8. Information for Managers

DOIhttps://doi.org/10.1108/eb054892
Publication Date01 May 1986
Pages37-45
AuthorAndrew Ettinger
SubjectLibrary & information science
8. Information for Managers
by Andrew Ettinger
Writing about information for managers is in some ways quite
a
daunting task because one
could quite easily argue that the art and science of management is all about utilising
information, and there are a number of definitions of management which illustrate that
point. But what I want to cover here is based on my personal experience of the ways
managers actually use and perceive information, focusing on what they find pertinent. I
think that this is a crucial area of experience that information professionals are lacking: at
what point do managers use information in the process of decision making?
I want to look at what information is realistically and beneficially
used,
how it is used in
competitor analysis, for example and to look at the way companies and managers in
particular use that information. I will also briefly touch on how, in my experience,
information can be
a
problem because within companies, and to managers, information is
power, with all sorts of ramifications within the organisation, for information professionals
in all parts of the company.
Finally,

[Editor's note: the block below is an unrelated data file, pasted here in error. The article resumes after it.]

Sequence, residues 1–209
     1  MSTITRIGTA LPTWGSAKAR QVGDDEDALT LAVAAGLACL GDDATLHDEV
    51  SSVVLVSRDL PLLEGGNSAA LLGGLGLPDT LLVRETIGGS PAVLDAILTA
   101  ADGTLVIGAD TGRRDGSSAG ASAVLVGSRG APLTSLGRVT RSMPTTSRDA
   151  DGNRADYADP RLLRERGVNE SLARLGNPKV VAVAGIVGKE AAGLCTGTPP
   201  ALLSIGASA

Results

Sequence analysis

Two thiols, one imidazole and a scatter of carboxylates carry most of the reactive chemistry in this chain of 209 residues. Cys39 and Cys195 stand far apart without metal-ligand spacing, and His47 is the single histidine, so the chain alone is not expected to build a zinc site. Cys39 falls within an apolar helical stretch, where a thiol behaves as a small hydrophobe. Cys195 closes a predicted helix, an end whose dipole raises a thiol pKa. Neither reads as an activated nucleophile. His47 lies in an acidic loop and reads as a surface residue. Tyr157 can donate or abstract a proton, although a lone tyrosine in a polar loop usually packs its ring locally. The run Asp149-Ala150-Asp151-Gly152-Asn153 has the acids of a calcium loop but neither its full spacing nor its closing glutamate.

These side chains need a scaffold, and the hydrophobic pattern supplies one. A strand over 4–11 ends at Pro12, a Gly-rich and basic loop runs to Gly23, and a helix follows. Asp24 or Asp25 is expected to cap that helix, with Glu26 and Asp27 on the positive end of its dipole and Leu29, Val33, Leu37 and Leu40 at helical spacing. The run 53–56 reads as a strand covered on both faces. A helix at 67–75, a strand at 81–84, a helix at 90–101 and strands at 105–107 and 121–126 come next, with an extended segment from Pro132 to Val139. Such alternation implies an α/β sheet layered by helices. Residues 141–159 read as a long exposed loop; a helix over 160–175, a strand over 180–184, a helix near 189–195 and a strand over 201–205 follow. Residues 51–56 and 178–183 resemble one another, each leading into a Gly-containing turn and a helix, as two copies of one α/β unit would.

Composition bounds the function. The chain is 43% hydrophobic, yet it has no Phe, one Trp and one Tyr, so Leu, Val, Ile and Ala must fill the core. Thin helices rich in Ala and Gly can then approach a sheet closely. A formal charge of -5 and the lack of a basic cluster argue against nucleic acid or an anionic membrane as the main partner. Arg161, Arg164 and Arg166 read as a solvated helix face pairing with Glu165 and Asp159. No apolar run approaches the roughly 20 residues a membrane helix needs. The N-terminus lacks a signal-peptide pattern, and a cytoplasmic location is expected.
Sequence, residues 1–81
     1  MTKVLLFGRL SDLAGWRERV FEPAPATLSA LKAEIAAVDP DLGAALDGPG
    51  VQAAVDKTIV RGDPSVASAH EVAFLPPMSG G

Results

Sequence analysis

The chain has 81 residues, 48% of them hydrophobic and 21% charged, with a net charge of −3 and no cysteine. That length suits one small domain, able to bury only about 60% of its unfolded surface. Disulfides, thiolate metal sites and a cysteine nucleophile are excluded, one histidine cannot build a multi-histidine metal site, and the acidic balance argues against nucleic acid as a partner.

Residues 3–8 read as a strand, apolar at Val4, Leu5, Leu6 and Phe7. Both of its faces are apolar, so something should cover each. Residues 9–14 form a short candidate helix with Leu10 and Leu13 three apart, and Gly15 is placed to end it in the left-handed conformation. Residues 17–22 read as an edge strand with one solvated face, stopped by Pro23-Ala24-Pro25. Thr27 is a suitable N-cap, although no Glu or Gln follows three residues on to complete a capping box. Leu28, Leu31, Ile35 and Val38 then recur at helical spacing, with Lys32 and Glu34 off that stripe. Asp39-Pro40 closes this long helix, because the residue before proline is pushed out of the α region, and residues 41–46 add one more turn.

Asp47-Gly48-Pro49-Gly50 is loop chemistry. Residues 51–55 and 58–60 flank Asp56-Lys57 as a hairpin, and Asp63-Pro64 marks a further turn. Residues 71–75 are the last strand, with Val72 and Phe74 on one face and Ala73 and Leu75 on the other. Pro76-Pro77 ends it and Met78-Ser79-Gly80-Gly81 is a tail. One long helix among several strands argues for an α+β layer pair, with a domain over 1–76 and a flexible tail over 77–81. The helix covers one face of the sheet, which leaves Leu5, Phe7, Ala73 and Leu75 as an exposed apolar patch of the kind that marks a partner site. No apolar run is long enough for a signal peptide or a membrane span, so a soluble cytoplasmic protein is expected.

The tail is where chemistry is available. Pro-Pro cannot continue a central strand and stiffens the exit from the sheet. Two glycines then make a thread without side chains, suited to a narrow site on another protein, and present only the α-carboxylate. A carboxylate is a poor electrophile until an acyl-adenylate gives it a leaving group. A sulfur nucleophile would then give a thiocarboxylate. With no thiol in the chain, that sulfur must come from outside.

I
want to turn to my particular
area,
online information, which I believe is essential
to managers. It is, I am certain, the main way they will use information in the future. Here
I will concentrate on the "intermediary versus the end-user" debate because that pinpoints
a lot of other problems in the area.
For the purpose of this issue
I
should be addressing the question of "The Buck Stops Here"
and I do think that this matter is being addressed in the library and information world
often,
unfortunately, for the wrong reasons. For example, a recent article in Aslib
Proceedings
was about research undertaken by
a
library school which seemed to show that
we are
all
really necessary
everyone loves librarians. That was because a company had
installed
a
commercial database to replace their "manual" library
service.
The library school
did a survey of the end-user managers who basically said that they didn't like the new
systems and preferred the library. But reading between the lines and looking in depth at the
reasons, this preference was mainly because the database was inadequate and was not
user-friendly. Another reason was that managers did not feel it was their job to dig out
information for themselves; this task was formerly delegated. To put these two reasons
together
and
conclude that librarians
are still
needed is the result of undertaking a study for
the wrong reasons and
is
counter-productive: an example of trying to justify the profession
for the wrong reasons.
After working at the London Business School for five years I moved to Ashridge
Management College about 15 months ago. Ashridge is a post-graduate college.
We do not have any long-term students. The longest anyone is there is about four weeks,
although we
are
likely to be launching
a
full-time MBA programme
in
January
1988.
So
I
am
working with practising managers all the time and getting feedback and information from
them.
And there are a few leitmotifs that come through about their use of information.
37

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